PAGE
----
The relevant statute of conviction pertinently says that “[w]hoever, being armed with a dangerous weapon, assaults another with intent to ․ murder shall be punished by imprisonment in the state prison for not more than twenty years.” Mass. Gen. Laws ch. 265, § 18(b). According to Massachusetts's highest court — the Supreme Judicial Court — armed assault with an intent to murder requires “proof of assault (while armed with a dangerous weapon) and a specific intent to kill that equates with malice,” with malice (in this context) meaning a lack of “'justification, excuse, or mitigation.”'5 Commonwealth v. Vick, 910 N.E.2d 339, 350 (Mass. 2009) (quoting Commonwealth v. Johnston, 845 N.E.2d 350, 354 (Mass. 2006)). And, unsurprisingly, “an intent to kill may be inferred from the defendant's conduct,” Commonwealth v. Henson, 476 N.E.2d 947, 952 (Mass. 1985), seen in light of the surrounding circumstances, see Commonwealth v. Lewis, 987 N.E.2d 1218, 1224 (Mass. 2013).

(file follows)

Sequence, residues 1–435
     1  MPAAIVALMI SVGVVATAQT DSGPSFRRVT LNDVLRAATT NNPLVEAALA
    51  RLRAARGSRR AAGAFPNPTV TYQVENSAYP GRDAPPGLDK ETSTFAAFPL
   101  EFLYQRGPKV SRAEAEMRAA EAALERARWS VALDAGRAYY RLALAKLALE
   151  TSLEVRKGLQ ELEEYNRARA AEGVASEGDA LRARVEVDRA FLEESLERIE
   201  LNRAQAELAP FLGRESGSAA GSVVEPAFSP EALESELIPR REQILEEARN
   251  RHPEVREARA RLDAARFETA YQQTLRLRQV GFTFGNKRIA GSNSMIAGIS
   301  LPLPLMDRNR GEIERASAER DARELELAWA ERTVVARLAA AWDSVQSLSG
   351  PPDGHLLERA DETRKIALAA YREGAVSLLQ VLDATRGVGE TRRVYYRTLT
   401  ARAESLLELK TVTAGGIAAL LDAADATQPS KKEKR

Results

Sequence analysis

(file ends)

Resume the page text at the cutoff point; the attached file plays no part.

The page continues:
The gist of the parties' arguments is easily stated.